It is only proposed, in this chapter, to draw attention to some of the chief points requiring attention with regard to building stones generally, after which a short account will be given of the nature and characteristics of the chief building stones in general, as against local use. Granite and other building materials, not mentioned elsewhere, will be found treated of in Chapter XXIII (Miscellaneous Materials. Asphalte And Granite).

It will be patent to the student that, whereas hard-and-fast rules can be laid down for the guidance of bricklayers, to enable them to make good, solid, well-bonded work with a material of regular and standard size, no such rules can be made for the use of a material, such as stone, which is of no certain fixed size, and is subject to the varying influence of innumerable matters of both great and small importance. Therefore a great deal must necessarily be left to the judgment of the mason, who should thoroughly understand the principles, which he must endeavour, in more or less degree, to carry out, as far as possible, according to circumstances. He should never, under any circumstances, allow one joint to be exactly over another; but he can make the joint, in any position, over another solid stone, whether it be half or three-quarter bond. All he has to do - subject to judgment and discretion - is to break the joints; and, in addition to this, he must take care that every stone, excepting projections and weatherings, is laid on its natural bed - i.e., on the bed on which it lay when in the quarry, before it was taken from the solid mass. This bed - except in very close, hard, uniform, and even-grained stones - can easily be distinguished, as all formation and stratification, shells, changes of colour, and nature in the stone, grit or other, are practically laid horizontally on the stone. Therefore such marks, indications, and peculiarities are generally found in lines approximately parallel with the natural or quarry-bed of the stone.

On the oiher hand, all projections, weatherings, and especially copings, should be joint bedded; that is, the natural or quarry-bed must be placed vertically and at right angles to the horizon or bed of the course, which is necessitated by the fact that wet and frost will penetrate the bed of a stone, and lift it up and sometimes off altogether. Therefore it is best to tie the beds in, as it were, together at the joints by neighbouring stones, so that they cannot get away.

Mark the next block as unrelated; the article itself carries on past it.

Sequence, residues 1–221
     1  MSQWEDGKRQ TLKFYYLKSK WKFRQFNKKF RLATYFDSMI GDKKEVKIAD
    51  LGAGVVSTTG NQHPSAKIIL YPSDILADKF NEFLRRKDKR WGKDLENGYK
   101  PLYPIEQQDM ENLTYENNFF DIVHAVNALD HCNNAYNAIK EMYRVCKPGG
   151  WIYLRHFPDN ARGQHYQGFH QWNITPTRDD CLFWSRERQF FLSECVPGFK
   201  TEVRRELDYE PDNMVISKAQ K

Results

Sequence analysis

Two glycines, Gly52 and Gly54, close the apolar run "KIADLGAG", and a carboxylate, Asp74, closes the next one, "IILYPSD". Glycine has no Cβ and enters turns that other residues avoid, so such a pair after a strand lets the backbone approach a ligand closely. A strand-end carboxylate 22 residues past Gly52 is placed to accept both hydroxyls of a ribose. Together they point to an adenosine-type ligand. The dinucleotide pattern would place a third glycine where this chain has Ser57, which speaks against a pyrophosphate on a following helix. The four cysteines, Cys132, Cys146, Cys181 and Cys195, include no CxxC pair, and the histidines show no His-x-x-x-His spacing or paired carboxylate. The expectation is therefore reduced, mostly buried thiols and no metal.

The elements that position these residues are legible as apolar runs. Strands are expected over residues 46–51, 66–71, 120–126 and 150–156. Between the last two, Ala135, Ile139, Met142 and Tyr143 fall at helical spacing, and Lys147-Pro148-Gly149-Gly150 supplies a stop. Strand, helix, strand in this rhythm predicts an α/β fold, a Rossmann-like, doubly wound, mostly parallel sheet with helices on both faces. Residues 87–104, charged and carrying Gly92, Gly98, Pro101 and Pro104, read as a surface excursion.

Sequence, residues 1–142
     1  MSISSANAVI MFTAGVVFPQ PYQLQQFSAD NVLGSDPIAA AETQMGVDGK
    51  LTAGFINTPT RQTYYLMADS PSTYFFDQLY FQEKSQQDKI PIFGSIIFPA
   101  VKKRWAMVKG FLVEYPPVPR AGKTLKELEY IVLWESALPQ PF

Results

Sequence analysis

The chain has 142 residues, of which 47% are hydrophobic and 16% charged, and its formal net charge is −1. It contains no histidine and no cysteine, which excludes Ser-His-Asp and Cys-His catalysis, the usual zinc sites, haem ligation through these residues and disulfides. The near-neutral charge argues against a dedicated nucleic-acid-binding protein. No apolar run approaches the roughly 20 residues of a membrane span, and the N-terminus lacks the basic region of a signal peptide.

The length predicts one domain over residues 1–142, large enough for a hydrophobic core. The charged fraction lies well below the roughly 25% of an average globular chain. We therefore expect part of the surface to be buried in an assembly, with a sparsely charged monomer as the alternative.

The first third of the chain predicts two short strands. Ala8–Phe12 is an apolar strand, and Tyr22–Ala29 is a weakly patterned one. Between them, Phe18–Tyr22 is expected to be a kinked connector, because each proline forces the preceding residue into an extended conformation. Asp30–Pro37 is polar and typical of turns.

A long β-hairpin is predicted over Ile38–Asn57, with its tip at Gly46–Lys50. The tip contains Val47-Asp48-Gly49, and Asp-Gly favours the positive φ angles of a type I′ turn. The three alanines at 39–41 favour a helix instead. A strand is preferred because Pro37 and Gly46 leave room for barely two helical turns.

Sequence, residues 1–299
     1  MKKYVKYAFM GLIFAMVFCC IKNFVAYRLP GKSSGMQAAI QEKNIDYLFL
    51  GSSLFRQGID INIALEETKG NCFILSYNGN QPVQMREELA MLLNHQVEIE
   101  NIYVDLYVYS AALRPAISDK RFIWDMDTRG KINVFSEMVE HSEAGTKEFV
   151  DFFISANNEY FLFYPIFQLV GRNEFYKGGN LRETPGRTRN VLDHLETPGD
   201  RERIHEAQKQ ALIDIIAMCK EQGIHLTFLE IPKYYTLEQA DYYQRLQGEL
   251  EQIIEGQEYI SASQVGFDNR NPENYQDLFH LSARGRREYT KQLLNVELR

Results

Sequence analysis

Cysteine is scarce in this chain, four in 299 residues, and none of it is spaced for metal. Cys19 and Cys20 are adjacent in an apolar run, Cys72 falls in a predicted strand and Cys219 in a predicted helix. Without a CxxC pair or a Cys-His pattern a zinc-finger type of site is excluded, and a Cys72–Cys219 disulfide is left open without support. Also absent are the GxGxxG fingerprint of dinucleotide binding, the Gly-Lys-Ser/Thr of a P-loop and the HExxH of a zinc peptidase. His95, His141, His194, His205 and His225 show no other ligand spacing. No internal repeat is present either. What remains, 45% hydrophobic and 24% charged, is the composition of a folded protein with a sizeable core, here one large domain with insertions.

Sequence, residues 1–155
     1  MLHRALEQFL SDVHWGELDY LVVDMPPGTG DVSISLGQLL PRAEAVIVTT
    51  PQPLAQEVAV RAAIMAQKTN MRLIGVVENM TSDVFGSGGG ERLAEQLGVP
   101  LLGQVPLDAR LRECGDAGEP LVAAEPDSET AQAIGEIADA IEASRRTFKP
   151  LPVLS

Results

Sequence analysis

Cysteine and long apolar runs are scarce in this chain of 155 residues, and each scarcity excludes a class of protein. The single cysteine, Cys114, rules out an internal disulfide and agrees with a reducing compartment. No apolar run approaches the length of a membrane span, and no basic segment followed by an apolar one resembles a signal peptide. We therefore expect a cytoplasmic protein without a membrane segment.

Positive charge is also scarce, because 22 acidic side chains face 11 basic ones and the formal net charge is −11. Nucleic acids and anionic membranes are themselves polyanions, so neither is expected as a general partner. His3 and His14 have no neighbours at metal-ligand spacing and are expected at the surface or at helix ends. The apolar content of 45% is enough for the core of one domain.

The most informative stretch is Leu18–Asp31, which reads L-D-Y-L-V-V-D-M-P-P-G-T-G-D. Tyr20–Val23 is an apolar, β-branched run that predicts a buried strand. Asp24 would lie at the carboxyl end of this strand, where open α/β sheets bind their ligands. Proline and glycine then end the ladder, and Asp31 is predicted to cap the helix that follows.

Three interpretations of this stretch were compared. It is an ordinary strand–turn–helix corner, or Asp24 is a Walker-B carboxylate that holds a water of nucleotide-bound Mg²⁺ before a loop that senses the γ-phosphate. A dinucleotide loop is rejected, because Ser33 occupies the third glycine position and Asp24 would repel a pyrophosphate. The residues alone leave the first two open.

The mason should also take great care that the surfaces of all beds and joints are at true right angles, with the face of the stone or the direction of the superincumbent pressure of the weight above, so that the pressure on the stones is equally distributed over the whole area of the stone - uneven-ness tending to cause the angles to split off the stone, from the influence of gravity, making it take its proper bed and bearing under the pressure (as fig. 198), or sometimes the stone cracks (as in fig. 199).

Bonders and their uses will be dealt with later on, in connection with the subject of walling.

There are two classes of building stone in general use, called, from their respective composition, sandstones and limestones. Sandstone is composed of pure, clean sand, cemented together by carbonate of lime or of magnesia and other binding substances, while limestone is little more than pure carbonate of lime. The varieties of stone are of numerous colours, including red, blue, brown, white, and yellow, and their innumerable shades. The grain varies from fine to coarse, with beds which are oftentimes difficult to distinguish, some being close and some open> though their strength may be the same.